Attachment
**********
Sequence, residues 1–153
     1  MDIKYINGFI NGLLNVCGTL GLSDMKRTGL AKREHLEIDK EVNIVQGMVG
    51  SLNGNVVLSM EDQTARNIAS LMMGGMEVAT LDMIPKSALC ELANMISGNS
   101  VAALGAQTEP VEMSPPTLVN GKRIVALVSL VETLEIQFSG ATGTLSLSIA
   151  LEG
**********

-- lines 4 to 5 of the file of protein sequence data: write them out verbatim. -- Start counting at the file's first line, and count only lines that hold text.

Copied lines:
   101  VAALGAQTEP VEMSPPTLVN GKRIVALVSL VETLEIQFSG ATGTLSLSIA
   151  LEG